BYU–Hawaii Celebrates 60th Anniversary

Contributed By Reed Segura, BYU–Hawaii Church News contributor

  • 6 March 2015

Students attending BYU–Hawaii participate in the annual flag-raising ceremony as part of Spirit Week. The flag raising follows the tradition that David O. McKay established when he presided over a flag-raising ceremony in Laie that took place on February 7, 1921. During this year's ceremony, students raised their nation’s flags at the campus’s flag circle while wearing their cultural attire.  Photo courtesy of BYU–Hawaii.

Article Highlights

  • BYU–Hawaii celebrated its 60th anniversary this February.
  • As part of the commemoration, during Spirit Week students at BYU–Hawaii celebrated with their traditional flag-raising event by raising their nation’s flags.

“This school helped me become who I am today. I can reflect on what I have been through, to participate and represent my country. BYU–Hawaii helped me accomplish my dreams, and I know I have a lot more to do in life after I leave here.” —Maklen Kapulu, political science major at BYU–Hawaii 

LAIE, HAWAII

February 2015 marks the 60th anniversary of Brigham Young University–Hawaii. Part of the celebration took place during Spirit Week 2015, held February 6–12. Kicking off Spirit Week was the third annual flag-raising event, during which current and former BYU–Hawaii students get the chance to raise their nation’s flags at the university’s iconic flag circle.

The event is reminiscent of the ceremony that took place on February 7, 1921, when David O. McKay, then a member of the Quorum of the Twelve Apostles, participated in a flag raising near the recently completed Laie Hawaii Temple. (This ceremony is depicted in the mural on the front of one of the school's main buildings.) It was at this flag-raising event that Elder McKay envisioned an institution of higher education located in Hawaii that eventually became the Church College of Hawaii and later Brigham Young University–Hawaii in 1974.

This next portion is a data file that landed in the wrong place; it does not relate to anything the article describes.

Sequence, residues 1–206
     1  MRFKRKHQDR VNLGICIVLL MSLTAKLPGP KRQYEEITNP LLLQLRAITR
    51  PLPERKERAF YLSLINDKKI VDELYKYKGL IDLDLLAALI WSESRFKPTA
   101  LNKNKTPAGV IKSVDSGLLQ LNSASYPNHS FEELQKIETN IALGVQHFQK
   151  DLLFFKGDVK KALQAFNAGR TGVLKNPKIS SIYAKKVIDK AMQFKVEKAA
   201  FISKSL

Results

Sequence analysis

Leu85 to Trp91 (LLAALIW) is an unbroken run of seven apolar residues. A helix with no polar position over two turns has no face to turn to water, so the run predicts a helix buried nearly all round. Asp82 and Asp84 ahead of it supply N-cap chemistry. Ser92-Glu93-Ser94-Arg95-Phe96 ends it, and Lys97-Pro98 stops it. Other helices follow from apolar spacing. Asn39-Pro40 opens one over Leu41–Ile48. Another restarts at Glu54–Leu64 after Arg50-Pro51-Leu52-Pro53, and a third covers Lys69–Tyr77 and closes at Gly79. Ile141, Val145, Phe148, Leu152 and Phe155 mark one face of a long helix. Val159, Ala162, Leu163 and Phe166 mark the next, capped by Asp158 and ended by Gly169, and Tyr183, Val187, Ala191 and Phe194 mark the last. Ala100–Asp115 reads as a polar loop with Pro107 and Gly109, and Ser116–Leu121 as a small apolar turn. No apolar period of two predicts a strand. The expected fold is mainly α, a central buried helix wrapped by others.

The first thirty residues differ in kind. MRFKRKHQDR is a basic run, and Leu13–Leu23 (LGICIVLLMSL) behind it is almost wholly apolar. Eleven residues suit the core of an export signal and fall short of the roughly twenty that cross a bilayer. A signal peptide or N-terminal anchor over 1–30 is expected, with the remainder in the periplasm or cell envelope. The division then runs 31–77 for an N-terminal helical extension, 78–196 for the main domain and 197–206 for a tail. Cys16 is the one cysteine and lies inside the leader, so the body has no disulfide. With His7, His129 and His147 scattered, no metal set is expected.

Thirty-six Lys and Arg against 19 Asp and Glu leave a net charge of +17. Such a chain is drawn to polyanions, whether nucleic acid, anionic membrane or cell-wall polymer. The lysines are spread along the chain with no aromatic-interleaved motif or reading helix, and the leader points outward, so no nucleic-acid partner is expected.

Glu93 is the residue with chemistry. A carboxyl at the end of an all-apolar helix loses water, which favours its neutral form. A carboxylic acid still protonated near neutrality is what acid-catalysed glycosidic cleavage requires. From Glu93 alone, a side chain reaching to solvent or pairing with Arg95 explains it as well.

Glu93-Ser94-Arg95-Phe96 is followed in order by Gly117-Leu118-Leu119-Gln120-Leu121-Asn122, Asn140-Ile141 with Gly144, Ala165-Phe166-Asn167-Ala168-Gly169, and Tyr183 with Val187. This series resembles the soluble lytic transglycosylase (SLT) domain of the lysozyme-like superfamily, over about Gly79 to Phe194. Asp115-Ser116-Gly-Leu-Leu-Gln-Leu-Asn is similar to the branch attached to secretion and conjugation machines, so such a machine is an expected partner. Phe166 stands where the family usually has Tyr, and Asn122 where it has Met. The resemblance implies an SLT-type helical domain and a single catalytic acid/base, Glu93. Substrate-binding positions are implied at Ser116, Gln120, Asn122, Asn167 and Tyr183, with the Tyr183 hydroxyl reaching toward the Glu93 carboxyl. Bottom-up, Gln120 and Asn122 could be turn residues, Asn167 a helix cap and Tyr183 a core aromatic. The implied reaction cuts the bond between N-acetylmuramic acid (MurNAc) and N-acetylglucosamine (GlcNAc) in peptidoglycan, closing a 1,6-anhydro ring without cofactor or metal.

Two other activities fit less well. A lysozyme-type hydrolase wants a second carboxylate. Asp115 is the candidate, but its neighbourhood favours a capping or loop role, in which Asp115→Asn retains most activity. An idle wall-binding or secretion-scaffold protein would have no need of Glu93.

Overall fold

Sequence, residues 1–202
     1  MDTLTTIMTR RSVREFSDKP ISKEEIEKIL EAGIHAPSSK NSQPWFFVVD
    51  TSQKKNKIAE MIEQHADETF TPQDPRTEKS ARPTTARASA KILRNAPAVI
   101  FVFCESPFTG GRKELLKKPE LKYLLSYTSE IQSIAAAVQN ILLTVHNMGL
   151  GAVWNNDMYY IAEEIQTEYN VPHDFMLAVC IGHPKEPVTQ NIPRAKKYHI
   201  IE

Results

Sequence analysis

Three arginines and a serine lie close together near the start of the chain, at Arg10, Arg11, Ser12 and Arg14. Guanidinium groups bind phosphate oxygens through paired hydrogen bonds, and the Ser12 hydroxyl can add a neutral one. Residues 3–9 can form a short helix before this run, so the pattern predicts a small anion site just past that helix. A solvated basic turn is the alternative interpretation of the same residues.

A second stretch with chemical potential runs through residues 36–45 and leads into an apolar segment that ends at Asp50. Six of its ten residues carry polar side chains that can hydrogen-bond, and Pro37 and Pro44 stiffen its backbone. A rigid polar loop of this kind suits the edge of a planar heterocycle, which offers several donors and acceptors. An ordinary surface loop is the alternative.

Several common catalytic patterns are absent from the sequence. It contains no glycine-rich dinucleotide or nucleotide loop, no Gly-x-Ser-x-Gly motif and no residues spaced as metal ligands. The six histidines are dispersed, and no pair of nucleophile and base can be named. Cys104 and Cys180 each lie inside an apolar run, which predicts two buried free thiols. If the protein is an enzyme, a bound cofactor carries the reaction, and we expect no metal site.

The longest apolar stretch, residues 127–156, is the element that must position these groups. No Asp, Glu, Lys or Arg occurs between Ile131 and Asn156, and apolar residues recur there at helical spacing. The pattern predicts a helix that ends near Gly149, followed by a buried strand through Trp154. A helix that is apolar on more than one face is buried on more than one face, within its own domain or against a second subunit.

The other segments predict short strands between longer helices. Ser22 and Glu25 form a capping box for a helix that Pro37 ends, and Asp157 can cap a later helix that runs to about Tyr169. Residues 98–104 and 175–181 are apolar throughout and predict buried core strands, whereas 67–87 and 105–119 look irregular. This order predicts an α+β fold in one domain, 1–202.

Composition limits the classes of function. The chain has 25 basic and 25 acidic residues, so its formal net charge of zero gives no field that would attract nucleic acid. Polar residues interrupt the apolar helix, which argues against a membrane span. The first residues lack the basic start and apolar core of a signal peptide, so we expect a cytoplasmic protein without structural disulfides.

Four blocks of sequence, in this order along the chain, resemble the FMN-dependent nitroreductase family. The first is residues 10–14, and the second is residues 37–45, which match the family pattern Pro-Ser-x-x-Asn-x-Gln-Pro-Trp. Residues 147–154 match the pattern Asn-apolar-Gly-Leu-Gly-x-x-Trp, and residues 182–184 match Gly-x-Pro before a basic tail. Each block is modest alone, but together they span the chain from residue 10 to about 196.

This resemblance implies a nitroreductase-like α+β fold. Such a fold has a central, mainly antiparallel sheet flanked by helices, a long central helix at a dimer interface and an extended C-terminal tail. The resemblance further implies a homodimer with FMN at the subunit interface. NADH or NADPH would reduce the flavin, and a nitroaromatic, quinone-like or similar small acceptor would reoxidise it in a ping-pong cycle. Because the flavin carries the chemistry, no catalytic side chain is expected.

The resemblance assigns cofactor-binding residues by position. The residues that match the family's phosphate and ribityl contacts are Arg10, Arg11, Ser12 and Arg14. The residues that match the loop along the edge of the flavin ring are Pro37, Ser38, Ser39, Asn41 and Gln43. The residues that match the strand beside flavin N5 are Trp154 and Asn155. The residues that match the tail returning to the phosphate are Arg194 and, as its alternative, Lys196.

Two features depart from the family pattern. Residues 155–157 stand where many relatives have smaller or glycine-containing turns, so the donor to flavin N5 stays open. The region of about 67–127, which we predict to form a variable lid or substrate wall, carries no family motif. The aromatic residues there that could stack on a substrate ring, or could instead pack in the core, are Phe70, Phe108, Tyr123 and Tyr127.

On Saturday, February 7, hundreds gathered at the flag circle at the front of the Laie campus, many dressed in the traditional cultural attire of their heritage. The short formal program included speakers representing the Native America, Japan, Samoa, and Korea student associations at BYU–Hawaii, in addition to remarks by student body president Marc Gardner and university president Steven C. Wheelwright.

Current and former BYU–Hawaii students, joined by members of their families, participate in the annual flag-raising ceremony as part of Spirit Week. Photo courtesy of BYU–Hawaii.

A traditional Maori greeting is exchanged under a New Zealand flag during the annual flag-raising ceremony at BYU–Hawaii as part of Spirit Week. The flag raising follows the tradition that David O. McKay established when he presided over a flag-raising ceremony in Laie that took place on February 7, 1921. During this year's ceremony, students raised their nation’s flags at the campus’s flag circle while wearing their cultural attire. Photo courtesy of BYU–Hawaii.

Following the remarks, the groups who would raise the flags gathered and stood shoulder to shoulder, holding their nations’ flags, and listened to the original audio from President David O. McKay’s February 1955 speech at the groundbreaking for the campus, in which he delivered the historic statement that has framed the vision of BYU–Hawaii for 60 years. He said, “From this school, I’ll tell you, will go men and women whose influence will be felt for good towards the establishment of peace internationally.”

After listening to the recording of President McKay’s talk, the group of flag raisers went to their respective poles and, at the signal of conch shells, raised their flags simultaneously.

“It means a lot to me to see the Vanuatu flag flying at BYU–Hawaii and for me to represent my country here,” said Maklen Kapulu, a political science major from Vanuatu. “This school helped me become who I am today. I can reflect on what I have been through, to participate and represent my country. BYU–Hawaii helped me accomplish my dreams, and I know I have a lot more to do in life after I leave here.”

Kanokon Tansakul, a hotel and tourism management major from Thailand, commented on her experience that day and the spirit that she felt. “We were listening to the talk by David O. McKay about the school’s vision, and we are fulfilling that vision. I get to represent Thailand here at the Lord’s university, and this opportunity touches my heart because I know there are not many Thai people here at BYU–Hawaii. I hope that future generations of Thai students will be able to gather here to study and learn to become the leaders President McKay talked about.”